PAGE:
A recent turn as a featured vocalist in the 2019 BBC Prom Duke Ellington: Sacred Music at the Royal Albert Hall proved as revelatory for Matthews as it did for those around him: “At the centre of the music is spirituality and hope. Ellington wrote variations on this theme and made every performer integral to the music in a deep, meaningful way. It reminded me that the essence of the Walter Tull story is living your truth, and that I’m like a conduit for this message.”
The son of parents from Grenada, a 50-minute flight across the Caribbean from Barbados, Matthews has also battled discrimination in order to follow his truth both as an artist and a human being. Like many people of colour, he’s had to leap higher hurdles to gain recognition. Racism is racism, he says, referencing a shock verbal encounter on the streets of Folkestone, Kent, where he moved with his family five years ago, to a house near the home in which Walter Tull was born.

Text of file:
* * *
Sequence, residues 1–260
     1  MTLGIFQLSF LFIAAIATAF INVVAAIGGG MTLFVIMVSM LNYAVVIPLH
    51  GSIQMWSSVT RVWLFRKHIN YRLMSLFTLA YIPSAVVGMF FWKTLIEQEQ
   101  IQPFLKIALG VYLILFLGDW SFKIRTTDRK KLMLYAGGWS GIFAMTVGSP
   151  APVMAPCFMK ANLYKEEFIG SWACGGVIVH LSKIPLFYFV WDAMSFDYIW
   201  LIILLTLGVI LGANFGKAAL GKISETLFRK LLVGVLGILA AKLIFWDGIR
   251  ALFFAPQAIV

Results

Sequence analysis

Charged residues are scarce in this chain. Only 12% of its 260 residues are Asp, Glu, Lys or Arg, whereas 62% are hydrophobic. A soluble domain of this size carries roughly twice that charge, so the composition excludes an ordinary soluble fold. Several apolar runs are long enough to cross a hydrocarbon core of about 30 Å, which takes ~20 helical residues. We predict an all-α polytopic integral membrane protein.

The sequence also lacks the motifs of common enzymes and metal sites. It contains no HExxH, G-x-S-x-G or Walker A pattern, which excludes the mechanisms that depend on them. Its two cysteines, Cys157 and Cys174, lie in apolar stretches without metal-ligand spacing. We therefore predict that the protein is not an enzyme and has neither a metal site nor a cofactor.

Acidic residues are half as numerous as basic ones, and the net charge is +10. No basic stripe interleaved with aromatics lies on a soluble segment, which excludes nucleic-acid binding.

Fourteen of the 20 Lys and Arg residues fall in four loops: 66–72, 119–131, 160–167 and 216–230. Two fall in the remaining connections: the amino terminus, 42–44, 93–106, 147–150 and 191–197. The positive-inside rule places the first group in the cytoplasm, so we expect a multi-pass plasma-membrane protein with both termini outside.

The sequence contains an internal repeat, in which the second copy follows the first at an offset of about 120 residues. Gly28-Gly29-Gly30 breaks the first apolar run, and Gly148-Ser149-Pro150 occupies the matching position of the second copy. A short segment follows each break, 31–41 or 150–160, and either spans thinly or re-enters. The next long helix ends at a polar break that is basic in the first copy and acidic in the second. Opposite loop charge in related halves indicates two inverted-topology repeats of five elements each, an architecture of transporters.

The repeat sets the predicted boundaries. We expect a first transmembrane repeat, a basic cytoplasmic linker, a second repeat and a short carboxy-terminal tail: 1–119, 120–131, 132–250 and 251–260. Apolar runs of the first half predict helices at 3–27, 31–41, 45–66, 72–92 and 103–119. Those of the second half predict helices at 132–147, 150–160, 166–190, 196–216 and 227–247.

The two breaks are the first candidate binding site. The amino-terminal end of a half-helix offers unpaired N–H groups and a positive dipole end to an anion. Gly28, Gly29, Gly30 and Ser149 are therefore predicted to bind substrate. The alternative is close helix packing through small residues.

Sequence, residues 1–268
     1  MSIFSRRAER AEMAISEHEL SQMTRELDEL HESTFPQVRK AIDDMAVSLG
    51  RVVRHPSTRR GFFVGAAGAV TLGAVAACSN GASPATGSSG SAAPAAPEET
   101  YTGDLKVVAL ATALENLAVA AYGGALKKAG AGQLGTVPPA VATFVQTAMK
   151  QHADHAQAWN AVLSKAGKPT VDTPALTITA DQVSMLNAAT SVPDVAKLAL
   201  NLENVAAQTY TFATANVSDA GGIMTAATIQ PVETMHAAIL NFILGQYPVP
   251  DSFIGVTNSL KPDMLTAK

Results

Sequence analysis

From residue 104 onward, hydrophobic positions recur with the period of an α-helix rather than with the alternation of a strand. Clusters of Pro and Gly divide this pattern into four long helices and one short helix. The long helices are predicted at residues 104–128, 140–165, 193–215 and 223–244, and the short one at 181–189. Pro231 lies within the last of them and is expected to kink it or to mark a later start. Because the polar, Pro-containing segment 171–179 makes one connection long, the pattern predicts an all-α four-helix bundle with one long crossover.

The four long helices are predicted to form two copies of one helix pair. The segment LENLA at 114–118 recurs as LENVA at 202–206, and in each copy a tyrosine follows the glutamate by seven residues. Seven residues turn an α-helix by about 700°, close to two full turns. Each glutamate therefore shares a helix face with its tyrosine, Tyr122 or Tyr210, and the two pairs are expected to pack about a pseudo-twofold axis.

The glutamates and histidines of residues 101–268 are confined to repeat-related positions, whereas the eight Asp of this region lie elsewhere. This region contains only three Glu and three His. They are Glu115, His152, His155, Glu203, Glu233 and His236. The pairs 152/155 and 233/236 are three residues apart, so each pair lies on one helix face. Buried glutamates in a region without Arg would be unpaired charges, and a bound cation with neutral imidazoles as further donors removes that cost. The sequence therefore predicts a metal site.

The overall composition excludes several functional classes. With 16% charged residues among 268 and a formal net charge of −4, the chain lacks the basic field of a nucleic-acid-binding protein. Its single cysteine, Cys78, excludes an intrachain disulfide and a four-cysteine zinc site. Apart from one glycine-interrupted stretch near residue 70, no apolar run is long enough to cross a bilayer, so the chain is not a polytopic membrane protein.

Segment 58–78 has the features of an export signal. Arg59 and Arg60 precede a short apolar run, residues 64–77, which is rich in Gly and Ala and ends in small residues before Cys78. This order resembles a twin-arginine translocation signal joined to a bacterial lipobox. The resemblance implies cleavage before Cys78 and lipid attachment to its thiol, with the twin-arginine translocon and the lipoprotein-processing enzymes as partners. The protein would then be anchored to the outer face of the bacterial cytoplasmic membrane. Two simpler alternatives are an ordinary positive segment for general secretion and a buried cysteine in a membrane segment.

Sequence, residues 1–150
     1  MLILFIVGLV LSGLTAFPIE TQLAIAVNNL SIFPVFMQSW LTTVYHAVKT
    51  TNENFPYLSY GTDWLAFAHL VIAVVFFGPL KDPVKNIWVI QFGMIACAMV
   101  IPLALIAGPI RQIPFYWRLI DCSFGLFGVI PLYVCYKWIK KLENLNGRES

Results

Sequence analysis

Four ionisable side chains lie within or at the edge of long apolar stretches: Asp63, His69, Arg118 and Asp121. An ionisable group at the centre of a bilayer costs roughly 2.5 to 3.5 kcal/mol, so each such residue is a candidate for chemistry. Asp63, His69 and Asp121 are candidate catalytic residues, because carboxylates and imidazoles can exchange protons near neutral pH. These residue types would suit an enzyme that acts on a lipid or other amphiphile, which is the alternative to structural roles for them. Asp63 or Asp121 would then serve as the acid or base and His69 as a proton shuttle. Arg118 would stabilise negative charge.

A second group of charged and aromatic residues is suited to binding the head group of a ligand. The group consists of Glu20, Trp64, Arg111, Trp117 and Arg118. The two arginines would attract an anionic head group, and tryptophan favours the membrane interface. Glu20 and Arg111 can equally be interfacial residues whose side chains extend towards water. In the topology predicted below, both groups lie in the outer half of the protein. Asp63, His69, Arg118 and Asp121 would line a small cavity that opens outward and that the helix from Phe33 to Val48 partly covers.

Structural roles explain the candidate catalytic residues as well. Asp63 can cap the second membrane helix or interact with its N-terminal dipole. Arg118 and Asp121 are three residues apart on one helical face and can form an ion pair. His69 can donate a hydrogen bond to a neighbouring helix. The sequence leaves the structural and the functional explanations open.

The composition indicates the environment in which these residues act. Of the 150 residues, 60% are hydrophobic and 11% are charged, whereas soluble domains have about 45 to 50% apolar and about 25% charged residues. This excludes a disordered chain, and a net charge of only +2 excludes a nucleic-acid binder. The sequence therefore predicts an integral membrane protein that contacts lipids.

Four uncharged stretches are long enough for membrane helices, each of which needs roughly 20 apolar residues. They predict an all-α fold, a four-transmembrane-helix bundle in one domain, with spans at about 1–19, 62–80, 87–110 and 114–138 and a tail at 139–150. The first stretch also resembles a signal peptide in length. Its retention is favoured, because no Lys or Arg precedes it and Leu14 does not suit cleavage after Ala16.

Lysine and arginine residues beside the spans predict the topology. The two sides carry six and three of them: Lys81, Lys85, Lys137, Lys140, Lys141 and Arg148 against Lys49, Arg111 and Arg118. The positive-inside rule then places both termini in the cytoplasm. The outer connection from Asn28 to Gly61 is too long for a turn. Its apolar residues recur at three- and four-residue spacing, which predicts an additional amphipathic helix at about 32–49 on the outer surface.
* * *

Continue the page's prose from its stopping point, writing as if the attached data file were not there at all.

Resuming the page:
“I knew that this was not necessarily the future of Folkestone because of the bright, engaged young people I meet there. I’ve done outreach work in schools where I tell the story of Walter in my own way artistically. And like most things which have real meaning,” he adds with a smile, “I didn’t feel like it was the end.”
The musicians gracing Walter Tull in B Major are among the finest in Britain today: award-winning double bassist Vidal Montgomery, the driving force behind artists such as Omar, Courtney Pine and Carleen Anderson. Drummer/percussionist Tristan Banks, erstwhile collaborator with icons from Roy Ayers to Marcos Valle and lynchpin of rising star trio Hexagonal. Lauded pianist and composer Alcyona Mick, whose CV spans the London Jazz Orchestra and headline acts Yazz Ahmed, Tori Freestone and Ibrahim Maalouf.